Luckily, a guardian angel of an ag teacher came from out of nowhere and offered me a second chance at student teaching in his program. He turned out to be the best cooperating teacher I could have asked for, and under his tutelage and guidance I blossomed and got my confidence back. My student teaching experience in his program was a success, and wound up turning into the job I have today. He decided to retire at the same time I got my Masters, and the district hired me to take his place. I knew that I had some big shoes to fill because he was there for 35 years, but I was excited to take on the role of running the program by myself. We decided to transition the program to CASE when I took over and as they say, the rest was history and here I still am 3 years later. The program is bigger and better than ever, and we have plans to keep expanding and adding more CASE courses.
Believe me when I say becoming a teacher was never something that I planned to do. I have a mild case of Aspberger's Syndrome, which can make social situations and working with people very difficult for me at times. It is extremely hard for me to read people and unless they are very direct with me, I have a hard time understanding them and what they mean, need, or want. It's been a challenge that I've faced my entire life and has caused people to misinterpret me as rude and uncaring. Because of this, I never considered teaching as a profession because I felt that my Aspbergers would make it a bad fit for me. However, much to my surprise, it has never been an issue when working with my students. Unlike my own peers who often bullied me for my differences, my students have been nothing but accepting and accommodating of me and my "oddities" and as long as they are able to be direct with me when asking questions, I am able to interpret their needs with no trouble. My Aspberger's has impacted my ability to work with adult learners, but it is something I am working on and I know I will be able to overcome to find success when working with them.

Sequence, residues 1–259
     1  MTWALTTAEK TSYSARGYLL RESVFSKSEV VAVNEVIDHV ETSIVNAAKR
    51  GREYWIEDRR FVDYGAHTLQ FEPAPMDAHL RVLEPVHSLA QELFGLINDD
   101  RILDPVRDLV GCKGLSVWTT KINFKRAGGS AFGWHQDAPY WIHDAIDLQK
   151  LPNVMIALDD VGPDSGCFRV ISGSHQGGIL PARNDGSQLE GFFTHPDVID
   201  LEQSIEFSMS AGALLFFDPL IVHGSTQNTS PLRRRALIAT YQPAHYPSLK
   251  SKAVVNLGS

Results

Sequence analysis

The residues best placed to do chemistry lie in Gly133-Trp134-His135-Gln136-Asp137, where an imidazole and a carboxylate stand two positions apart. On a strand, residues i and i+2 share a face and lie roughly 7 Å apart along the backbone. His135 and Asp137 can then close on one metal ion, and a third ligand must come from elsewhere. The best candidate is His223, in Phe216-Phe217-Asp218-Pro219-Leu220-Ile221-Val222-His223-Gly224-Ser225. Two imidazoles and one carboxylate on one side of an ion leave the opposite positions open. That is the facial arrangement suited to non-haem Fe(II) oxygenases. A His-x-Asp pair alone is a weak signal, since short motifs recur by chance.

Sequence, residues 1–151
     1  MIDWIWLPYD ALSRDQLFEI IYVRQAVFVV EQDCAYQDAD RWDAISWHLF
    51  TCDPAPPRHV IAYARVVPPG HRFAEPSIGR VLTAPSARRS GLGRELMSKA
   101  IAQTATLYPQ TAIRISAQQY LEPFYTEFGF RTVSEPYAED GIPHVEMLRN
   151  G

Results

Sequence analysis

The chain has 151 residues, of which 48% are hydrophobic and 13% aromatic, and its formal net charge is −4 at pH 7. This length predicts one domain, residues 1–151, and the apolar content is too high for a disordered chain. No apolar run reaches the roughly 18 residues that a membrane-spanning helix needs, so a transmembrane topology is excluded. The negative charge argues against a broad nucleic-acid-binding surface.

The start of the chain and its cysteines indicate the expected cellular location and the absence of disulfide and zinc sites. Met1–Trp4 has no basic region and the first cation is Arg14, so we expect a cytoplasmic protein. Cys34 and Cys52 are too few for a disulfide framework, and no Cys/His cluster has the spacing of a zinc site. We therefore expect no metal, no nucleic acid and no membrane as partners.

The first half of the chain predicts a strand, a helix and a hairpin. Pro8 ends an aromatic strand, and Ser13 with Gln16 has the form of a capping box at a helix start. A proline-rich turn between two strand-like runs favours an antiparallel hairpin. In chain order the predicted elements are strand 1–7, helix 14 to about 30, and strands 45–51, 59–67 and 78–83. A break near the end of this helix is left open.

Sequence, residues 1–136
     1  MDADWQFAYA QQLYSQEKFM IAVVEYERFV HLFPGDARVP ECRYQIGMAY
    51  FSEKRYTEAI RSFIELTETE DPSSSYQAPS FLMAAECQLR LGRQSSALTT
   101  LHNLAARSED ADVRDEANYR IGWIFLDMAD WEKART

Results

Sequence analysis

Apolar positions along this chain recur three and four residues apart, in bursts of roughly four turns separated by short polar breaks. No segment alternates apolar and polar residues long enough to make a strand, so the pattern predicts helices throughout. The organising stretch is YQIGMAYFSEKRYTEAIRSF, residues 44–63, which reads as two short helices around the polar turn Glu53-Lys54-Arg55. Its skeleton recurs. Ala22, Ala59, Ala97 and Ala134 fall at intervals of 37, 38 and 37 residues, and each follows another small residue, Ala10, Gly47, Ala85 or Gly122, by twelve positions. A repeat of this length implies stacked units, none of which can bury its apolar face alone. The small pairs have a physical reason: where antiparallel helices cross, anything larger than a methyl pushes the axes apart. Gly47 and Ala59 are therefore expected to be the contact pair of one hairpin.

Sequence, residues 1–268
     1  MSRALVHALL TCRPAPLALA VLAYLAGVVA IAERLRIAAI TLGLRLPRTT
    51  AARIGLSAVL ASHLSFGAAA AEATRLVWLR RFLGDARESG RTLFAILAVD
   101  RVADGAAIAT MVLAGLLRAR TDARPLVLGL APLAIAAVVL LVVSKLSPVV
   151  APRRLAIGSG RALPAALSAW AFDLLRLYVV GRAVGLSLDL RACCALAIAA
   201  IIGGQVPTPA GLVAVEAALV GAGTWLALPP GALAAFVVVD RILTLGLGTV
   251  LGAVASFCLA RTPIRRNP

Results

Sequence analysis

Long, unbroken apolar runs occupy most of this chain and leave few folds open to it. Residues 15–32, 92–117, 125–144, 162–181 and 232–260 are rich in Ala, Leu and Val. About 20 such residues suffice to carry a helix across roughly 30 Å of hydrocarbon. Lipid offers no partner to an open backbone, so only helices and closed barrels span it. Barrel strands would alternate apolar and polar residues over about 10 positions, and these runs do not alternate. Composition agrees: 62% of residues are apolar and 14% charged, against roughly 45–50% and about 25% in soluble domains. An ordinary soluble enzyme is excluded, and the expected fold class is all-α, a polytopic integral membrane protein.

Had it not been for that conversation about my future with my friend back in college, I never would have become an ag teacher, and although that friend and I aren't as close as we used to be (ironically, they also became an ag teacher and might be reading this post), I will forever be grateful for their suggestion that I look into this great profession. In the end, what started out as a crazy chance of trying my hand at teaching ag has turned into a wonderful career choice. I can't imagine myself doing anything else, and I truly love what I do. Not only is every day different, but I find myself using what I learned through my research and my animal science coursework all the time. I get to work with amazing young people and help them get excited about ag and science. Until next time when I give you s'Morey, make sure that you continue to love what you do, and do what you love!